“Tradition without innovation is mere stereotype.” – Alan Weiss
The Recipe Testing Guild has been baking away! The first round of recipes included Keturah's Lemon Pie, a Chocolate Pear Tart, and our version of Shoofly Pie. What with that Shoofly Pie becoming a bit of a calling card (someone at the writer's conference called me the Shoofly lady!) it seemed time to share what exactly that card has become and why.
So Part 1 is how my version of the Shoofly came to be and Part 2 shall be the new recipe. Enjoy!
From Molasses to Honey
The first time I ventured into the Shoofly Pie baking/tasting arena was actually after I had decided on the name – The Shoofly Project. (props to Kate Stoltzfus for the name idea!) I had actually never even tasted the pie (gasp!) before that decision was made.
I admittedly balked in the face of the pie. I found it horrible! The intensity of the molasses killed any possibility of pleasure. In retrospect this intensity was due to the fact that I was using the strongest-flavored molasses on the market. The mild version would have made the pie at its very least edible.
(But that ended up a beautiful mistake. "Horrible" led me to innovation; perhaps "edible" would have led me nowhere.)
Not that I blame the shoofly pie creators. Molasses was the preferred sweetener of our thrifty foremothers - it’s the cheapest sweetener they would have had access to. Not to mention it had a long shelf life – virtually infinite.
But at that moment, in the spring of 2011, the molasses suffering still fresh on my palate, and the project already dubbed “Shoofly”, I needed to make this pie work. And molasses was clearly not the answer
Call it Inspiration, Resourcefulness, Desperation, Innovation. Whatever it was, I just remember looking in my pantry and seeing that jar of Honey Man honey staring out at me, a substance similar in texture and viscosity to my molasses oppressor. This Honey Man’s honey was the its pure antithesis. The honey was complex and soothing. It spoke of a farm in southern Washington teeming with honeybees and berries. It sang of a sweet man selling honey out of the trunk of his car on the Bridge of the Gods that we passed on our way back to Portland from the Columbia River Gorge. Why couldn’t I use a
bit lot of honey instead? I hesitated - Traditions
such as these – the recipes of our foremothers - are not to be tampered with. Maybe. Now,
several months later, I am comforted by such quotes as Alan Weiss’s in an
article on authenticity, “Tradition without innovation is mere stereotype.”
|photo courtesy of Columbia Gorge FSBO.|
And low and behold, with that substitution of honey my Shoofly Pie became not only edible, but also loveable.
For the Bees and Innovation
Beekeeping is becoming an increasingly popular trend in the US, with every urban farmer donning their own backyard hive, celebrating its winter survival, maintaining the queen’s health, watching it pollinate the garden and finally basking in the gold prize – the honey. And what with the bee population in danger the timing of the urban beekeeping trend is perfect. Support your bees. Support your local beekeeper - Bake a Shoofly Pie.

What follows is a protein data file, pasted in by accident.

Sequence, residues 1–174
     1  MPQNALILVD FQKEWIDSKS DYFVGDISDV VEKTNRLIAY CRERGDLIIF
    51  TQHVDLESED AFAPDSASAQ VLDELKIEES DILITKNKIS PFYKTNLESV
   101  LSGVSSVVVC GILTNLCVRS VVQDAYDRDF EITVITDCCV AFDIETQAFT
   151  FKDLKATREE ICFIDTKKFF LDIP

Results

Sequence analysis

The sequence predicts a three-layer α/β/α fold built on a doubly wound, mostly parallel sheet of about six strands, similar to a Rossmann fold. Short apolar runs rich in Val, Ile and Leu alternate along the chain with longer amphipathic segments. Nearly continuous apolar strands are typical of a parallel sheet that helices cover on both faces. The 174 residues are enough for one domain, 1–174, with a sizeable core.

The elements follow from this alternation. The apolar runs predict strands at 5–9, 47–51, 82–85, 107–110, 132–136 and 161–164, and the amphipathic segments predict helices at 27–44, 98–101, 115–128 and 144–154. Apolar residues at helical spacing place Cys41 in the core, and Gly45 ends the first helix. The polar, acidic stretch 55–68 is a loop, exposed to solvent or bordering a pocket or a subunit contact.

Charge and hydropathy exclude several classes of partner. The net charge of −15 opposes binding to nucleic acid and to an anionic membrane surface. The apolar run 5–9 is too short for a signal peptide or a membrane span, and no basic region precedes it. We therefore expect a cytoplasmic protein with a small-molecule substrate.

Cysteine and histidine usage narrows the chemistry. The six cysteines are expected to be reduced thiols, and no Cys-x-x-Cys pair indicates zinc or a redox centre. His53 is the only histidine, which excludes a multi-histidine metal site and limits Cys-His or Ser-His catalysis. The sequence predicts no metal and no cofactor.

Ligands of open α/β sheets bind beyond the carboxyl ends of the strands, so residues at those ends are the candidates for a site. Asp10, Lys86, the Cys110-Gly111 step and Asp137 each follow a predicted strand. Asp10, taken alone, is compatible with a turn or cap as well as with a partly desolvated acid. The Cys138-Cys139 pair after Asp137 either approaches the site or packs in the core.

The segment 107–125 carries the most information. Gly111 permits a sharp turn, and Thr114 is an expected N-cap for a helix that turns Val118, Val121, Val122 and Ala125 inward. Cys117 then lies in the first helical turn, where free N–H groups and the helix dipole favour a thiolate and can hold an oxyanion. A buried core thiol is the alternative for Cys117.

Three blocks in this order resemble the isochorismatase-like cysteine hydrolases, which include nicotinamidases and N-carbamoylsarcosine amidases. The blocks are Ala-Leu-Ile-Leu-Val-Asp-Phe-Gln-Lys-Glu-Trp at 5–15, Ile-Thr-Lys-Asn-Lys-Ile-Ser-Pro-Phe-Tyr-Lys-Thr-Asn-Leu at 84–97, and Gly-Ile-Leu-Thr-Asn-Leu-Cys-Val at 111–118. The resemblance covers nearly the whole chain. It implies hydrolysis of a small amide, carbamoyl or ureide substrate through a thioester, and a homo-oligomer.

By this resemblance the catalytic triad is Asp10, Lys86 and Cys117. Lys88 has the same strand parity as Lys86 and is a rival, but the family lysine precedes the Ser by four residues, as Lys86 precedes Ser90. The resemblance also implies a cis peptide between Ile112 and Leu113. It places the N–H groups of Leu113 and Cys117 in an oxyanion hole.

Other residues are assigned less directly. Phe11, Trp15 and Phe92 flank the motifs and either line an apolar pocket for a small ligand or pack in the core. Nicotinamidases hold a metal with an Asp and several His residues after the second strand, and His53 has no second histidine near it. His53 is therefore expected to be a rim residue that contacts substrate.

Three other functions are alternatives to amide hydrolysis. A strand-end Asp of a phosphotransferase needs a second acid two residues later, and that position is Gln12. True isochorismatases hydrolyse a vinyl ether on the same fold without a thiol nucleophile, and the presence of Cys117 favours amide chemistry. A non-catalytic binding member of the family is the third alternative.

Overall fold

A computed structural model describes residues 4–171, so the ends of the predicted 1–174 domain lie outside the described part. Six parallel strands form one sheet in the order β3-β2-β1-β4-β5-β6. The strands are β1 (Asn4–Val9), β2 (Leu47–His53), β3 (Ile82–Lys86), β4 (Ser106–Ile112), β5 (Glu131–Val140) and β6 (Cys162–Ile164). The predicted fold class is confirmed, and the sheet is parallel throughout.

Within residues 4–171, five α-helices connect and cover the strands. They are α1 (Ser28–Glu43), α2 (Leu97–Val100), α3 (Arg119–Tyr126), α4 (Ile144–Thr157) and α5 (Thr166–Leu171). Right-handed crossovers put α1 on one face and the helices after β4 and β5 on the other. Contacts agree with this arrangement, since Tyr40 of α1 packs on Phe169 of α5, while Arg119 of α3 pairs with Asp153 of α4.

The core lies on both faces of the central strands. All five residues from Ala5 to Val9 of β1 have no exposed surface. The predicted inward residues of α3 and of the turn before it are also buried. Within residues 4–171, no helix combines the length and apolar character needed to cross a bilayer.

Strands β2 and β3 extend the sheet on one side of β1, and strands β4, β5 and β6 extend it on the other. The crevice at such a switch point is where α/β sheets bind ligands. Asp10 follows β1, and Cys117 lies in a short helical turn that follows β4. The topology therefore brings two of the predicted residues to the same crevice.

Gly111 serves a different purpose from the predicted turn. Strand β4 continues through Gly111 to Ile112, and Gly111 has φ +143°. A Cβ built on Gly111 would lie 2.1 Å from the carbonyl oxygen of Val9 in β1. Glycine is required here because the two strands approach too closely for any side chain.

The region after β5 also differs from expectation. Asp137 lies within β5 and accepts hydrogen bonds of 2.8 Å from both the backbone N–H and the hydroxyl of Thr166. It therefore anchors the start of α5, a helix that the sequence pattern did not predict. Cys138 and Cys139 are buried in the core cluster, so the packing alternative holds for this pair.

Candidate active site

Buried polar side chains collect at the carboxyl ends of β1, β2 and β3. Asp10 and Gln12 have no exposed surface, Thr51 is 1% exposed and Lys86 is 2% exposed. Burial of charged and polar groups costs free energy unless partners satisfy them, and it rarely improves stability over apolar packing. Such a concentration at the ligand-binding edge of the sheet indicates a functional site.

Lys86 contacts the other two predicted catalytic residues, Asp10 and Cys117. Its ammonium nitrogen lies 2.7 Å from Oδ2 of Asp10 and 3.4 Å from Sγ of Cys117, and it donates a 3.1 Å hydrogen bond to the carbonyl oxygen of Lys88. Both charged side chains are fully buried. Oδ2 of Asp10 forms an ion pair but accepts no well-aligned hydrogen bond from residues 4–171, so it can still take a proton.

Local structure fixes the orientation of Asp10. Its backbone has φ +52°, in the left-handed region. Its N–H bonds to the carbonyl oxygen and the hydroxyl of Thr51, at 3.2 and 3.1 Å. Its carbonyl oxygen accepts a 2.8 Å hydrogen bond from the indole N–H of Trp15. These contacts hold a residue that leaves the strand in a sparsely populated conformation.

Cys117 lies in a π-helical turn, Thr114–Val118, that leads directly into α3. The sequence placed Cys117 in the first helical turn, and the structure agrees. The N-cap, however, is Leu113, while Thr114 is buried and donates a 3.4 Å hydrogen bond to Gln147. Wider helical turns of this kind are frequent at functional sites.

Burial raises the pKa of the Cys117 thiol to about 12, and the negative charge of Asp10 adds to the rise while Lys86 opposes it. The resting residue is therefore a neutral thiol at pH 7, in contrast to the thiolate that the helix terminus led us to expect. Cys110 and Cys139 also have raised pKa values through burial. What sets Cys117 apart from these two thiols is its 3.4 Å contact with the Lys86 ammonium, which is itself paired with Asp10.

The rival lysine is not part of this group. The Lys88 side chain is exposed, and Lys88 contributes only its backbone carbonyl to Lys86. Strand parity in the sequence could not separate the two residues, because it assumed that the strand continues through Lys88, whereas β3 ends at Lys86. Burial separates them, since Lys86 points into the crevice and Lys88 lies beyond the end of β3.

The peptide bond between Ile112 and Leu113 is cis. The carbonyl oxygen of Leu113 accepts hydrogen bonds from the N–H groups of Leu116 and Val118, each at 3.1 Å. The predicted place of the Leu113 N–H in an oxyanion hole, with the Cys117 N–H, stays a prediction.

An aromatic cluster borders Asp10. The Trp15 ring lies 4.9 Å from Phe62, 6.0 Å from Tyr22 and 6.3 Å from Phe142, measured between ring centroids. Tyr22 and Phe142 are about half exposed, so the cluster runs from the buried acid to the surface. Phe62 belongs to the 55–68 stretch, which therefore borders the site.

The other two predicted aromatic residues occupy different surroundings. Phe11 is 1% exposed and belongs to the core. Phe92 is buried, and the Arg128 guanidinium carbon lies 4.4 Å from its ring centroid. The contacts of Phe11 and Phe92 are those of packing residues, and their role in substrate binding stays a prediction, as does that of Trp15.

Honey - So simple and pure, so antiquated. A biblical character in and of itself. One of those ingredients where the idea of terroir clings to every slow, sticky drop. It was the spring in Washington with the berries. It was the summer in Oregon with the meadowfoam. It was fall in New Mexico with the mesquite.
Ultimately, honey is the very essence of the flower or plant within the bee’s reach. That flower is the very essence of the soil its roots call home. Which is influenced by its climate - the rain, sun, altitude. And of course our farming methods.
As Robert Reynolds taught me -
Food is soil. Food is climate. Food is culture.
Food is soil. Food is climate. Food is culture.
Like a good wine - no honey is the same year to year. My friend’s Oregon honey from last year was musty, potent and earthy, with a heavy but welcomed mouth feel. Almost romantic in its ability to cling to your memory. Thus was the Shoofly Pie. The New Mexican honey was floral and bright, equally distinct and eager. Thus was that Shoofly Pie.
Innovation can and will prevent stereotype. It can prevent our traditions from becoming mere caricatures of their original artform. As Molly O’neill asked me last week in class, "Is it a living, breathing cuisine or is it a museum cuisine?" We shall be the ones to answer that question. Personally I’m rooting for life.
But how is innovation defined? Where does innovation stop and the creation of a purely unadulterated new product begin? Innovation, to me, means assessing and using ingredients we now have access to and actually enjoy, not that which we cling to simply out of nostalgic tendencies. But we make those choices always with the mother of the dish in mind - its construct and concept. But I also ask - what supports our current environment and local economy?
Does the molasses from a faraway land make sense, even to the misfortune of the pie, if another superior product is accessible to me?
I think not.
I think honey.
Stay tuned for the recipe!